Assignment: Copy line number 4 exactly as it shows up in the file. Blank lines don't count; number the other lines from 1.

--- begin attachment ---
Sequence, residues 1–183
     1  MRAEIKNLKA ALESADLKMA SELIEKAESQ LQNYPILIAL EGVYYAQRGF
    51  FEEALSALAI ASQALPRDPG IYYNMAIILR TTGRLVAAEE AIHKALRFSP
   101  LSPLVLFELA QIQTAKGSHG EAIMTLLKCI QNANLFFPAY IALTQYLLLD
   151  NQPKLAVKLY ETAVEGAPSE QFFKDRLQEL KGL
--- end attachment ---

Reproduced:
   101  LSPLVLFELA QIQTAKGSHG EAIMTLLKCI QNANLFFPAY IALTQYLLLD